Thailand's Prime Minister Abhisit Vejjajiva on Monday ruled out snap polls, even as protesters rallied and picketed a military facility in Bangkok. The protesters, unofficially estimated to number tens of thousands, called for an immediate dissolution of the House of Representatives and fresh elections.
There were late-evening reports of a grenade attack on a military barrack. However, the Centre for the Administration of Peace and Order, set up under an Internal Security Operations Command, did not report this until nightfall.
The crux of the protest was that Mr. Abhisit was alleged to have come to power over a year ago without a popular mandate in his own favour. Monday's protest, like the earlier demonstrations against his continuance in office, was organised by the United Front for Democracy against Dictatorship.
The front consists of diverse interest groups and poor masses who benefited during the now-fugitive Thai leader, Thaksin Shinawatra's term as Prime Minister. Mr. Thaksin, toppled in a bloodless military coup in September 2006, lives in self-imposed exile. He has been encouraging his supporters through “live” and video-speeches from his unspecified bases abroad.
Alluding to the 24-hour ultimatum, which the protesters set for the dissolution of the House of Representatives, Mr. Abhisit said that all the coalition partners in his government agreed that this could not be done.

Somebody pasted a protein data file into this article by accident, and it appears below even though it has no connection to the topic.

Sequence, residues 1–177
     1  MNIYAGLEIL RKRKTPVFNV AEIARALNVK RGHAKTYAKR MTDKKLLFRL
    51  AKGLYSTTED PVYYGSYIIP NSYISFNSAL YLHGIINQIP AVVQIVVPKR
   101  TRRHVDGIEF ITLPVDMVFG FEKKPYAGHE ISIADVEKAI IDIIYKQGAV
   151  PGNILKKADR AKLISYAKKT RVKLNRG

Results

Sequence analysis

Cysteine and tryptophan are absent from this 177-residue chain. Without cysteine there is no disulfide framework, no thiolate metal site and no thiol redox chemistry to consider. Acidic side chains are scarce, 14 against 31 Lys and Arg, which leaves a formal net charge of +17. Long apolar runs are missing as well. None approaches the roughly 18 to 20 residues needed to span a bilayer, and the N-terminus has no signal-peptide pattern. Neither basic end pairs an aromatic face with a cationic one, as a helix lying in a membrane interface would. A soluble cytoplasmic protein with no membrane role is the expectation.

Mr. Abshist said: “In normal circumstances, the dissolution of the House is a possible political solution when there is a parliamentary crisis. It could also be an option during other severe crises, if it could help resolve them. However, as it has become clear from what the protest leaders have said on a number of occasions, dissolving the House and calling for fresh elections is only one of the issues in the present political conflict. There are other issues which go beyond the existence of the present government. [Also], a genuinely peaceful environment [for a snap election] does not yet exist.”
Mr. Abhisit further maintained that no violence would be unleashed on the protesters from the government side. His coalition partners agreed with him on the modus operandi for dealing with the current situation.
The norms were “respect for people's constitutional right to peaceful assembly, the use of a special law to maintain peace and order, and no initiation of violence to disperse the demonstrations”.
Dismissing “rumours of a possible military coup” in the present surcharged circumstances, he said a coup was not a solution to any problem. Moreover, his administration and the armed forces “work closely”.